Saturday 11/28/20

What we know and what we don't know about the coronavirus vaccine

There are a few questions that have not yet been answered, for example regarding effectiveness, distribution and lasting immunity.
An Israeli volunteer receives the first dose of an Israeli Covid-19 vaccine at Sheba Medical Center. Photo: Israeli Ministry of Defense/dpa.
An Israeli volunteer receives the first dose of an Israeli Covid-19 vaccine at Sheba Medical Center. Photo: Israeli Ministry of Defense/dpa.

Approval of a coronavirus vaccine seems within reach. However, there are a number of questions that have not yet been answered.


Pharmaceutical companies Pfizer and BioNTech say their experimental vaccine is 90% effective in preventing Covid-19. This is only a preliminary assessment, however. Data about effectiveness within certain demographic groups is not yet available.

Leif Erik Sander of Berlin's Charite hospital says the level of effectiveness for people in high-risk groups has not yet been ascertained.

The claim of 90% effectiveness has yet to be published in a medical journal, Sander says, adding that if it is proven, it would be unusually high.


The European Commission has held months of negotiations with Pfizer and BioNTech so that the vaccine can reach member states as soon as possible once it is approved.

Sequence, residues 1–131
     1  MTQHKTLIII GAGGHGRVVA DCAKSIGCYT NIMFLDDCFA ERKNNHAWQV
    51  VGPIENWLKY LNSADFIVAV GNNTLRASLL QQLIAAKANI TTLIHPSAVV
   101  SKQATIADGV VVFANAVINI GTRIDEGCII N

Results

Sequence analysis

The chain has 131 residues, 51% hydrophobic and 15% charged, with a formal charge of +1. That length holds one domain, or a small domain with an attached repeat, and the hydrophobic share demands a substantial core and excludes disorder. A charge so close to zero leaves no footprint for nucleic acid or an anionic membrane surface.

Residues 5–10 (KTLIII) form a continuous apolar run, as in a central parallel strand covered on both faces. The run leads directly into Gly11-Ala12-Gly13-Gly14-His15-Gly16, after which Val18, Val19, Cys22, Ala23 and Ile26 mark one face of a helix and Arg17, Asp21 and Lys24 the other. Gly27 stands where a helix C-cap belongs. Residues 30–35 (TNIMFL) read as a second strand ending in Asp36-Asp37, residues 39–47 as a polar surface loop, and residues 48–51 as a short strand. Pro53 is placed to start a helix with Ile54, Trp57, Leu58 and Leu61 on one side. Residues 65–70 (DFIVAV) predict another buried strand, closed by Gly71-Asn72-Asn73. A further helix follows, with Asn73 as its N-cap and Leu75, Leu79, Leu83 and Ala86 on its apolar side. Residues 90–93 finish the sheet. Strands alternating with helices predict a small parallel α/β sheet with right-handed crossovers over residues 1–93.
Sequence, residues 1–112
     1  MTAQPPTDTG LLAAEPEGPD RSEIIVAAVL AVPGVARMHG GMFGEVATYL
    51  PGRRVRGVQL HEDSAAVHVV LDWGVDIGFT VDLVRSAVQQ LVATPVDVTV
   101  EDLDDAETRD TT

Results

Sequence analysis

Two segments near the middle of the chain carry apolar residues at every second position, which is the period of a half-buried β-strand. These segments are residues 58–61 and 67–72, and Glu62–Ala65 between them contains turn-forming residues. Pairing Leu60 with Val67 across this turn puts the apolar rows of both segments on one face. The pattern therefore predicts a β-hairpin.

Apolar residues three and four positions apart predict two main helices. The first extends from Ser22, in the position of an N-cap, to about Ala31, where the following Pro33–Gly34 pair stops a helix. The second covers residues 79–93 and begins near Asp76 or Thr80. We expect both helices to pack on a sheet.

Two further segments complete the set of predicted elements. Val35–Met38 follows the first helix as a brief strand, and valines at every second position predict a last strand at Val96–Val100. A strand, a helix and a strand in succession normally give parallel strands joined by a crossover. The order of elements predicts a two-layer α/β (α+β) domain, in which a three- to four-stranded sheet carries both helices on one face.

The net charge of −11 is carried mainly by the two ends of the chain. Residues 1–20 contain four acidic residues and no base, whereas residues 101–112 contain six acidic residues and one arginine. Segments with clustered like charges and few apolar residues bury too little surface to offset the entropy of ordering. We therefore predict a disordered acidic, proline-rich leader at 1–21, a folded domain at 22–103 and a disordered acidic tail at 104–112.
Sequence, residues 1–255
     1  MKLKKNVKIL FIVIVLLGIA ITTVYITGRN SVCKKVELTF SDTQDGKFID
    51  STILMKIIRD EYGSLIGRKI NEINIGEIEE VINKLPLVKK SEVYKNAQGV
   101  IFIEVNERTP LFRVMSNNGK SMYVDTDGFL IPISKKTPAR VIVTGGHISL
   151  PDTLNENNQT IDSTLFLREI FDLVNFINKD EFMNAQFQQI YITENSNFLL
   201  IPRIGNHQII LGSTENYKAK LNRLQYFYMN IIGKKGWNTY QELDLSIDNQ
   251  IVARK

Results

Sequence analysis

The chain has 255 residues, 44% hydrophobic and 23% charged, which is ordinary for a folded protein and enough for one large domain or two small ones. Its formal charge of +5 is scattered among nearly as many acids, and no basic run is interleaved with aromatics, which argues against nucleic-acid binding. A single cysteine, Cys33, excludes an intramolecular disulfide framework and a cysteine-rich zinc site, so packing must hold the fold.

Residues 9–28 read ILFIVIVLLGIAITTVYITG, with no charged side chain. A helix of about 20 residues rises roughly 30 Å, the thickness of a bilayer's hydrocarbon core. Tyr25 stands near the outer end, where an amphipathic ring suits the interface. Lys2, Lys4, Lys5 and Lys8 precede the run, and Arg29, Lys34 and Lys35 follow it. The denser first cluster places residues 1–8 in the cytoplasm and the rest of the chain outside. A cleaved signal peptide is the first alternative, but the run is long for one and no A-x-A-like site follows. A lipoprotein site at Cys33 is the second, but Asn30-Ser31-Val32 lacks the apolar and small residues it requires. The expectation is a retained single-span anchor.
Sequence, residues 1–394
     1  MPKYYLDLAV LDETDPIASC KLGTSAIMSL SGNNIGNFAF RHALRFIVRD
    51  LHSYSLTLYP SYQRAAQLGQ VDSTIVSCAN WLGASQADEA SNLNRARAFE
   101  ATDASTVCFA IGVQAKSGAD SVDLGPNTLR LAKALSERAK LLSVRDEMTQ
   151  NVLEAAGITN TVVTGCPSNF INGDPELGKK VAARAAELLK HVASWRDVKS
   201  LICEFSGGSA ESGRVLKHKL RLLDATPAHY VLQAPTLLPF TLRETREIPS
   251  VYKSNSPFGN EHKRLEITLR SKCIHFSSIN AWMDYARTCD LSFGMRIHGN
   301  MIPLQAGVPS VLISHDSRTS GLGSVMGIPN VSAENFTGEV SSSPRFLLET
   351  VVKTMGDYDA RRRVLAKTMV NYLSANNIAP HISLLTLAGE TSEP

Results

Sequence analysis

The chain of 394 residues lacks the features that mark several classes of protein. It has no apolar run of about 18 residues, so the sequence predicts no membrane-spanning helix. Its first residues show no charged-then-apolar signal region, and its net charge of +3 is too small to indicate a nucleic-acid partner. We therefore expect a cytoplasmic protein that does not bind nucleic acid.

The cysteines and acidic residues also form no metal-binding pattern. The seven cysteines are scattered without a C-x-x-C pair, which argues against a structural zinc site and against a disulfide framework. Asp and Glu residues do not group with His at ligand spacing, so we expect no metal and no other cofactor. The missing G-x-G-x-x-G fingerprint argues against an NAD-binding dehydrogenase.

German Health Minister Jens Spahn says Berlin has requested some 100 million doses of the vaccine. The 27 European Union members will receive a share of doses that corresponds to their population.


Who will get a dose of the vaccine first? According to a position paper from a roster of experts, elderly people, those with co-morbidities and health care workers will be prioritized when it comes to administering the vaccine.

People working in jobs that are crucial for the functioning of society - including government workers, police officers, firefighters and teachers - will also be prioritized.

There will be more concrete guidelines from the government in the coming weeks.

Practical implementation

Vaccines will be administered in vaccination centres. The transport and storage of the vaccine could prove challenging considering the fact that it has to be kept at temperatures of 70 degrees Celsius below freezing.

Pfizer said in a statement in September that the vaccine could be kept for a period of five days at regular refrigerator temperature (between 1 and 8 degrees Celsius).

Lasting immunity?

It is improbable that one dose of the coronavirus vaccine will make the recipient immune for a lifetime. Experts say that it will have to be renewed regularly, similar to the annual flu vaccine.

A major unanswered question is whether someone who has been immunized can still transfer the virus to other people. This would present a major problem in the case of health care workers.